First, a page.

There are major sources of these rules available to us as downloads through the Internet or as books we can get from our libraries or purchase from bookstores (or on-line.) Probably the classic used in most of the publishing industry is the Chicago Manual of Style (the latest edition), available at You can get this in both book format and as a CD from places like, and you can subscribe to an on-line edition direct from the publisher. Merriam-Webster’s Collegiate Dictionary (again, the latest edition), available in stores and at, should be on all of our desks as we write, or on our computers from an add-on CD. An old classic is Fowler’s Modern English Usage, available through bookstores and libraries, for those who want to really dig into the reasons why to use certain words or not (draft versus draught; the incorrect and over-use of very to describe the degree of things.) Also be sure you have a decent thesaurus at hand so you look up different words to use instead of using the same adjectives, etc., over and over.

There are many other “manuals of style” available and most of them have value. The point is, though, that there are proper ways of writing that have helped authors put out works that are thoroughly readable and that help keep our readers from becoming confused—and there are manuscripts that have had great potential but which have died before birth because of language and styles that have simply turned off both publishers and readers. (This, for instance, was a very long sentence that likely should have been broken for easier reading.) You’ve worked for years writing your dream novel and you don’t want it to be rejected simply because of words, phrases, punctuation and grammar that someone responsible for producing your book didn’t like.

This is NOT to say you cannot write the way you like. If you want to write with no capital letters like e e cummings, or if you want to write page-long sentences held together by intricate punctuation, that is certainly your right. If it’s your own style, then it is yours. However, will you be prepared when people challenge your work and/or it doesn’t sell because they don’t like the style and you don’t yet have the reading public that is waiting for your next creation no matter the style? If you are writing with at least some idea in mind of getting your work published and into the hands of some readers somewhere, then there are things that are going to help in that endeavor and things that are going to hurt. Having a style that is readable, and punctuation and grammar that helps rather than hinders, is going to go a long way to helping your work get published.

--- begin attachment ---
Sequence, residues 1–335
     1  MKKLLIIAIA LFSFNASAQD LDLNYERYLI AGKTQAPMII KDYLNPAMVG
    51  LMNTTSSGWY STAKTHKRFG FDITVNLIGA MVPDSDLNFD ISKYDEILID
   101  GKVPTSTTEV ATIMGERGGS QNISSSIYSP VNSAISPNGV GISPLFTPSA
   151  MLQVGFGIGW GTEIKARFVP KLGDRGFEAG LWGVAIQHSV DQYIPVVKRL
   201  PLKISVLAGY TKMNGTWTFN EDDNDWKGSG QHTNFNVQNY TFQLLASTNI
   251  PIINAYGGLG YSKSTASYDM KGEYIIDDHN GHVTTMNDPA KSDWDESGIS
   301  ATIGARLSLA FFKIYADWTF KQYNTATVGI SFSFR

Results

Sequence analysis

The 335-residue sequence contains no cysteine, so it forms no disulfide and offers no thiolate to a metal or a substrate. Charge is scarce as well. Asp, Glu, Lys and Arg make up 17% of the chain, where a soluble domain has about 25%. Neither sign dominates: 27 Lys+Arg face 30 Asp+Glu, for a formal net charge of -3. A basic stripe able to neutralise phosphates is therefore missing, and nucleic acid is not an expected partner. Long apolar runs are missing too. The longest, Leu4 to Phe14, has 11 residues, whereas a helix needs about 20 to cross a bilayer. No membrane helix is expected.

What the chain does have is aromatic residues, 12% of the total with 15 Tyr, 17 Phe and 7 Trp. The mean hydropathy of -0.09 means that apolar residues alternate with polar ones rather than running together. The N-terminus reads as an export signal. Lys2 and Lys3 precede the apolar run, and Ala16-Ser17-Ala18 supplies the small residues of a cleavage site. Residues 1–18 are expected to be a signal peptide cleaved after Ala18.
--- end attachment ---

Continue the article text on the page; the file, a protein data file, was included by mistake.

Remember what is generally a maxim in the publishing industry: Publishers are in business to make money and if they see a manuscript they think will be hard to sell to the public, it won’t get past their desk. Yes, there are some agents and publishers out there who will actually help you get your dream birthed, even though it may not meet their own preferences. Even on a first book. (If you find one, let me know.) But they are few and far between. Be sure your manuscript makes a GREAT first impression by being the very best you can make it.

Back to the point. No matter what you write or what your style, you owe it to yourself to make it “the very best you can make it.” Two ways to make that happen: 1) do spell and grammar checking several times, and 2) read your manuscript like a book with an unmerciful red pencil. And again. And again. Find those errors and distractions at your own desk before you even consider letting an agent or publisher get a shot at it. Make the changes. Re-write. Do it again. After you’ve gone through the manuscript marking the obvious errors, get to the computer (remember, you did get it into a computer, right?) and record all the fixes and changes there.

By the way, do you have the auto-save feature on your computer locked on (mine saves every thirty seconds), and do you manually save your work regularly? Do you regularly (like daily) save your work to a removable storage device that you can keep separate from your computer? You can buy plug-in, USB external hard-drives now, with 320 gigs of storage, for less than $100. What will happen if you are merrily going on, writing, correcting, proofing and fixing, and the computer decides to turn blue in the face and turn your work into irrecoverable garbage? Believe me, you will be looking for the hemlock. Your life will be ruined. SAVE YOUR WORK!!! (I just pushed my ‘save’ button.)

Now that you’ve made the first round of major changes and fixes, take a break. Put down the red pencils and turn off the computer and go away for a while. A day. A week. Clear your mind and think of something else. (Baskin-Robbins is calling!) You want to get your mind away from the changes you’ve just made and get back to thinking about your manuscript as a new work again. Let your mind and heart get away from the thought that you’ve just destroyed your work of years and begin thinking, “You know, I’ve got a wonderful manuscript just sitting there waiting for me to read it.” And it is. It’s still your baby, your creation—it’s just better now.

After you’ve given yourself some time away, it’s time for the next stage. Sit down with your manuscript in a comfortable place, with some different colored pencils, and do it again. Bright green pencils, or blue or purple; something that will contrast with your first go-through in red, and do it all again. (I know: I hear the screams from here. But believe me. I did it at least four times and found major changes each time. It will get better and better. And the pain will end.) In fact (and I know the cost of paper, etc.), print out your corrected, edited manuscript again so you have a fresh copy and do your re-read from that. It will be easier and you’ll have a better chance of making it “the very best you can make it.”